In that respect I was able to convey the worries of those bondholders who are very dependant on coupon payments to maintain the standard of living that they have worked and saved for. Mr Pacaud expressed sympathy for this situation and said that this would also be a high priority for him.


I also asked that we could have regular updates on cost and details of their fee structure. He indicated that we could work something out around that but advised that he could not say more on the fee structure until it had been agreed in the Luxembourg court.


Mr Pacaud will be unable to consider sanction of the transfer of assets to Insetco until such time as he is fully appraised of all aspects in the case. That means that the offer is on hold and we expect to hear further the views of Insetco in due course.


There will be further discussion next week and I will report as appropriate as matters develop.


Brian Love




Yesterday evening the Steering Group were made aware that matters concerning our investments had become rather urgently in need of our attention.

You will all be aware that every day that passes costs are eroding the value of our funds.  The ARM Bond was based on a carefully researched model and this was built around the continuing injection of cash over a number of years raised through issuing bonds.   An important aspect of this was the inbuilt currency hedge occasioned by the company selling bonds in three currencies US$, Sterling and Euro giving them flexibility in managing the fund and the timing of redemptions and of policy purchases.  This has been lost and the last two years have demonstrated the effects of stagnation on our assets.

It might help readers to picture our fund like a shark, unless it keeps moving it will die and this, in stages, is what is happening to the ARM Bond, these are longevity assets which will waste away if not managed correctly and this management is now absent.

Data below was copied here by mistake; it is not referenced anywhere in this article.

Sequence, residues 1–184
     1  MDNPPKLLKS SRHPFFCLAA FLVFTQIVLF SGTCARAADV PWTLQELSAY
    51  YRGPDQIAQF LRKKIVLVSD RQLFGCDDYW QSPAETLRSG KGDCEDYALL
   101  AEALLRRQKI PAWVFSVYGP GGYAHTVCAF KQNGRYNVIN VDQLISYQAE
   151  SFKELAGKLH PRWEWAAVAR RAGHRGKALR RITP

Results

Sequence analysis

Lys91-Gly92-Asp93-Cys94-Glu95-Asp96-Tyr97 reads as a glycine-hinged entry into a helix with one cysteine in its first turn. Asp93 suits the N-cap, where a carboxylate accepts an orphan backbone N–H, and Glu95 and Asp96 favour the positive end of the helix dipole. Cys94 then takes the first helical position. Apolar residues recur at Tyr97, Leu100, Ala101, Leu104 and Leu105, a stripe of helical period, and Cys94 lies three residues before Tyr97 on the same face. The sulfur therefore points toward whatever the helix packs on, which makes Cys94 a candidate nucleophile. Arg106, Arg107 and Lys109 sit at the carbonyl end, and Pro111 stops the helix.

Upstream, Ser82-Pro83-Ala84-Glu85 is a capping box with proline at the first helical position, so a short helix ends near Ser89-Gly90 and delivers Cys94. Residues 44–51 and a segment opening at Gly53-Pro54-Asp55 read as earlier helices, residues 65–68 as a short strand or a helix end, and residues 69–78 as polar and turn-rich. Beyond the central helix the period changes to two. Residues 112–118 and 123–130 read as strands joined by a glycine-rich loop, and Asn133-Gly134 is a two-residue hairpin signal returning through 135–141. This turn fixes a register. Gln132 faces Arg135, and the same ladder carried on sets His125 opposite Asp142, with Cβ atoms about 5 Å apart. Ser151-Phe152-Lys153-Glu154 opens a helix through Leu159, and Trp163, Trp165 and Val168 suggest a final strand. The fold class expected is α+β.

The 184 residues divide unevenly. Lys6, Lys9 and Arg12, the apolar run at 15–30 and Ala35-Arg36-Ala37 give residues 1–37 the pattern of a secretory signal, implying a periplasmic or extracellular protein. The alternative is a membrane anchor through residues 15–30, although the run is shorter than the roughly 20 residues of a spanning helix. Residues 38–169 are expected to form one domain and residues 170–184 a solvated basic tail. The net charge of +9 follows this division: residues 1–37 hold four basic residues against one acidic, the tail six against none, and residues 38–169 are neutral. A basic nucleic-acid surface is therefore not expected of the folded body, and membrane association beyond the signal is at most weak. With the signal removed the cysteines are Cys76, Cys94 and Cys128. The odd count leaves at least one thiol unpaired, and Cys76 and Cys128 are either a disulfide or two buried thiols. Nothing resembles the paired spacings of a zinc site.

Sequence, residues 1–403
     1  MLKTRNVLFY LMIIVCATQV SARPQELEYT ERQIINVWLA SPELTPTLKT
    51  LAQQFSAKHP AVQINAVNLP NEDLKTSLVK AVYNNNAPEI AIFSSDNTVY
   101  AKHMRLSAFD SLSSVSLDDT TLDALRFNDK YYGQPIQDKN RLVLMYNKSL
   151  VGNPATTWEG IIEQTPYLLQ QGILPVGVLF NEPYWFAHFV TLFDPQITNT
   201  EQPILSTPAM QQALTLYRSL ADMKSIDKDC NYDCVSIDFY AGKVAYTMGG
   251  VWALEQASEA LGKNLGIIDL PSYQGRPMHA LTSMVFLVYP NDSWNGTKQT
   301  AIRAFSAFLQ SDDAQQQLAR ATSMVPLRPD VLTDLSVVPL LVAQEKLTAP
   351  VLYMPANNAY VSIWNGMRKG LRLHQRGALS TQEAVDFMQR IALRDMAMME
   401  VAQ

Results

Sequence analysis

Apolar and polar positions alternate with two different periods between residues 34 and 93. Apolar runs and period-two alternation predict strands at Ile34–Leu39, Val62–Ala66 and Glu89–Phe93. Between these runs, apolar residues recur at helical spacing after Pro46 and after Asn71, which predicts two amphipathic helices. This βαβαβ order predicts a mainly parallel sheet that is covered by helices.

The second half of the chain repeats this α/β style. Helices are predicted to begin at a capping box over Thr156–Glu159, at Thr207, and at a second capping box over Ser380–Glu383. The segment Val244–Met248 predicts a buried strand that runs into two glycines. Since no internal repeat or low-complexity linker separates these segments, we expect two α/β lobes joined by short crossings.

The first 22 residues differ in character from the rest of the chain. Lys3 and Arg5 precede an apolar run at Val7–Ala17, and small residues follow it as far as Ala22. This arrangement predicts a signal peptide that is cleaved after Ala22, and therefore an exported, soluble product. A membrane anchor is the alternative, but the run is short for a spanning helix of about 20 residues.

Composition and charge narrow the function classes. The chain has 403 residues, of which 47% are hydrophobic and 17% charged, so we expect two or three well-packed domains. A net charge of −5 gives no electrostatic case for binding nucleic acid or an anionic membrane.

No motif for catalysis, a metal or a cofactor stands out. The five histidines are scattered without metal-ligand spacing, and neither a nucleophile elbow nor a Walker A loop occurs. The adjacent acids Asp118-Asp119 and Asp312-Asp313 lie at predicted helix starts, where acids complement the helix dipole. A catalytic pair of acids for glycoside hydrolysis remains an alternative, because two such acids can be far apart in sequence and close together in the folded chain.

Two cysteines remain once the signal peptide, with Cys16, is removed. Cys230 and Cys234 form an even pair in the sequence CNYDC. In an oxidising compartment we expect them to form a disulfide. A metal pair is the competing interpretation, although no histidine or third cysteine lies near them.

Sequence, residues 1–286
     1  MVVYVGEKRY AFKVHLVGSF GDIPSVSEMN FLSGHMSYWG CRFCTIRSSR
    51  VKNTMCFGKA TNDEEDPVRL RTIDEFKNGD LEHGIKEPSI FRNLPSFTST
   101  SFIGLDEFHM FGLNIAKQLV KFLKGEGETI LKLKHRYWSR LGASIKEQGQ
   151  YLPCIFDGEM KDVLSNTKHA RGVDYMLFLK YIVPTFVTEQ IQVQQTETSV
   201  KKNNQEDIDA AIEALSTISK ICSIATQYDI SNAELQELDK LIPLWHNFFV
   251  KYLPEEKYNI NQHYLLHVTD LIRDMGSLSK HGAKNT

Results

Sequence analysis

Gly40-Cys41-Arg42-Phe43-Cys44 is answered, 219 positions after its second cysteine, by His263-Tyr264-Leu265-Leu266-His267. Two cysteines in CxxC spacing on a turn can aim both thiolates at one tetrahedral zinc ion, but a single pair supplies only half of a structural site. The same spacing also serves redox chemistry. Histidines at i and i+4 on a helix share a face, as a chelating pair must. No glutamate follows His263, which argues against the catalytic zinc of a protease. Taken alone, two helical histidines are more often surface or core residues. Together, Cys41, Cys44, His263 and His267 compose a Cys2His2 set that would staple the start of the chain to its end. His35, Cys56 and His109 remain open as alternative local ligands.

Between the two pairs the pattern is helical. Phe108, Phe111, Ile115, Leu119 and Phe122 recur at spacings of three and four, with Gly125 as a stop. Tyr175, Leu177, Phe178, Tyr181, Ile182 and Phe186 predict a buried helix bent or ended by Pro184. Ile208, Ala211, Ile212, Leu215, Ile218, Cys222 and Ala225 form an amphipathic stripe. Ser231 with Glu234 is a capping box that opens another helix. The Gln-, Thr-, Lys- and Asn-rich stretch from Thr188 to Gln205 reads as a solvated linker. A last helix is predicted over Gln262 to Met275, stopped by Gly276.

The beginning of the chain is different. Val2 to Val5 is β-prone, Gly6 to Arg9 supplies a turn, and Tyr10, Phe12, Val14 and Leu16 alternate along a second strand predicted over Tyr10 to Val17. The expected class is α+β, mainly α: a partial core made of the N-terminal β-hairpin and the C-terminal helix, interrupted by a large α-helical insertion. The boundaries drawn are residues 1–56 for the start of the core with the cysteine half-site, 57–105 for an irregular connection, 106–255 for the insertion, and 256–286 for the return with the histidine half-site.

We were reminded today that the Insetco deal expires on the 30th November, after that date the model which they would manage to will have to be recalculated.   Every delay in moving our fund into Insetco causes stagnation and erosion of our assets and adding the costs of E & Y supervision causes further erosion of our net wealth.

Insetco advised us that they will restructure the portfolio of policies to more closely match the need to generate coupon and eventually redemption.  A delay beyond 30th November will require them to update the model dependant on the asset value at the time of the closing of the transaction.  This may lead to a reduction in the coupon payable on the replacement Insetco Bonds.  They will be unable to confirm the figure before they know the true asset value, and this will be subject to independent valuation, but we would be failing in our duty if we did not indicate to you that we believe that there is a considerable risk this will be lower than the 7.5% currently on offer.

We also believe that the option of finding an alternative partner to Insetco in the next 12 days is a non starter, had we all been made aware of the situation a year or so earlier there may have been a chance, but there simply isn’t time.

We also believe that the chances of finding anybody else to manage the stagnation and prevent further erosion for a few more months while judgements are sorted and Administrators are  appointed is an illusion.

This morning the four of us will hold a conference call to discuss final plans for a direct approach on behalf of all investors to Jean Michel Pacaud, Christiane Camphill and Catherine Philips to request that the ARM assets are handed over to Insetco without further delay, so they may begin managing our fund.  Following the vote in the Formal Offer all monies belonging to investors not wishing to take up the Insetco offer will be remitted to ARM and the fate of those investors will remain with the CSSF and the Luxembourg courts.

Should it be necessary to go to Luxembourg on your behalf we are planning to do so and briefing notes are being prepared for this eventuality.


The Steering Group.





Can I warn readers this is going to be a long post, so spare yourself now unless you have the stamina.

I would like to use the post as if it were a direct response to Andrew Cannon (15th at 00:47) who expresses exactly what I would feel if I were in his position, reading what has been posted on this website over the last few days.

Firstly I have no vested interest in either website. The new one, as I understand it,was created to overcome the deficiences of the existing RR website which have been discussed often enough by it’s contributors. I do also think it’s capability to easily conduct votes could be useful in future in relation to defining and formalising mandates or actions on behalf of the whole investor group.